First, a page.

The finest Stradivari in the world will sound poor if it is badly set up. Here are some points to consider sourced from our archive 

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The most humble instrument can be made to perform at a level higher than one might expect through proper set-up and adjustment, just as the greatest masterpiece can be reduced to mediocrity by neglecting this crucial last step in its construction.

There are many ways to bring an instrument into optimal adjustment. My personal approach is based on moving the soundpost, assuming everything else is in a more or less normal place, but successful adjustments can also be made by moving the bridge. If the instrument does not respond to one approach, it means that there is something else that is not working.

I have a few rules that I follow strictly when I make a sound adjustment. Firstly, I never make a move unless there is a clear purpose. If upon evaluation a positive result was not achieved, it is best to return the soundpost to where it was. I never just ‘knock things around to see what will happen’: that is a sure way to become lost and confused. My second rule is to address large concerns first and smaller ones later, but always keeping the bigger picture in mind. In other words, I don’t ‘micro-adjust’. Undue attention to the smallest detail can sometimes cause the whole instrument to become out of balance – to the benefit of only that one small aspect.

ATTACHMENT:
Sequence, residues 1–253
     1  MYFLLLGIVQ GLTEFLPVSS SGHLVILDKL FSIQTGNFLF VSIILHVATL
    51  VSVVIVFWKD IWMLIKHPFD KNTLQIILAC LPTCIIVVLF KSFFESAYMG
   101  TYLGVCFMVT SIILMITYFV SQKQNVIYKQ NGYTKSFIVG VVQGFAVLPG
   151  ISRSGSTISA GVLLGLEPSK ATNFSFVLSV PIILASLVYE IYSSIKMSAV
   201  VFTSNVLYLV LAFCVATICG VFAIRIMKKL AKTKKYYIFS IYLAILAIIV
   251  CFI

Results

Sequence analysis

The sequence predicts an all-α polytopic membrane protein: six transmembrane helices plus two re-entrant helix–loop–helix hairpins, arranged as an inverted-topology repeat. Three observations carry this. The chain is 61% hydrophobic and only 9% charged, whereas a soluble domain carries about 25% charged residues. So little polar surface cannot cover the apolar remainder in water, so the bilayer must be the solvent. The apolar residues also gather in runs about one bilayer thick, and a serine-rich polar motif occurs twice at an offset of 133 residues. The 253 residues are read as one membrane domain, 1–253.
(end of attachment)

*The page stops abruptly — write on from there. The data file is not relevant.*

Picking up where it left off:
Guy Rabut, The Strad, April 2008


The tailpiece:

An instrument fitted with almost any tailpiece currently available will produce sound at a level sufficient for the casual user. Typically, a lightweight tailpiece produces better sound than a heavy one, but geometry is also important. For a concert violinist who is looking for a way to improve the tone of their instrument, I would recommend a tailpiece with low weight and an angled profile that increases the afterlength of the strings, which changes the balance of the harmonic overtones. This causes an increase in the fullness of the lower strings and an increase in projection across all the strings.